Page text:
# Going crazy over probability problem

#### gaeborak

##### New Member
I'm working through the book Probability Demystified, which has been an okay refresher on basic probability, but is known to contain a lot of errors. Problem is, they don't publish errata. I'm wondering if someone would post a solution to this problem, because I think the one in the book is incorrect. The question is:

A phone extension consists of 3 digits. If all the digits have a probability of being selected, what is the probability that the extension consists of the digits 1, 2, and 3 in any order? Repetitions are allowed.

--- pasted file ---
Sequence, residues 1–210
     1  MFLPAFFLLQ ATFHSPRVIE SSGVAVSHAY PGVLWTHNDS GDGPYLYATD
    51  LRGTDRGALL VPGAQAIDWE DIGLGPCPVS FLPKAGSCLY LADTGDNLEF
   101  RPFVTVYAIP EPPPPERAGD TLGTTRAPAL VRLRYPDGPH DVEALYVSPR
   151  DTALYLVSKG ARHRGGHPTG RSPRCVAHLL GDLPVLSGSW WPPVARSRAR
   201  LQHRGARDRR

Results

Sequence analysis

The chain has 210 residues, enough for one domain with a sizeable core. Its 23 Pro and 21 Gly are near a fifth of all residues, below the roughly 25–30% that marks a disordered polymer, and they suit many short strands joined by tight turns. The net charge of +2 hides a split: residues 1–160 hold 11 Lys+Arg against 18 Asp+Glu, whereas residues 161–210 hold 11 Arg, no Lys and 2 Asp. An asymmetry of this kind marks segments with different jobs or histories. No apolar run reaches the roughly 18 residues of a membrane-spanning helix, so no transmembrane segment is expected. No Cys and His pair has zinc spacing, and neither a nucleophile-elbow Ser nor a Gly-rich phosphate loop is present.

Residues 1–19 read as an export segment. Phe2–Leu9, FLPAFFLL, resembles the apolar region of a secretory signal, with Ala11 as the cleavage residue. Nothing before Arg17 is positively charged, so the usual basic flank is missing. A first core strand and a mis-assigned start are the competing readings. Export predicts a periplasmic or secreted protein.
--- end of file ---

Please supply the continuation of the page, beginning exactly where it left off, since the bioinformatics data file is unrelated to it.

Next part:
The book answer is 0.006, which looks like they did permutations of the digits 1-3 divided by 10^3. This doesn't seem to fit the problem to me. I think it would be (3/10)^3, which is 3^3 (the # of events where each slot has 1-3 with replacement) divided by 10^3 (the total # of events in the sample space). I'm probably overlooking something simple, but I don't trust this book anymore either. Thanks for any help.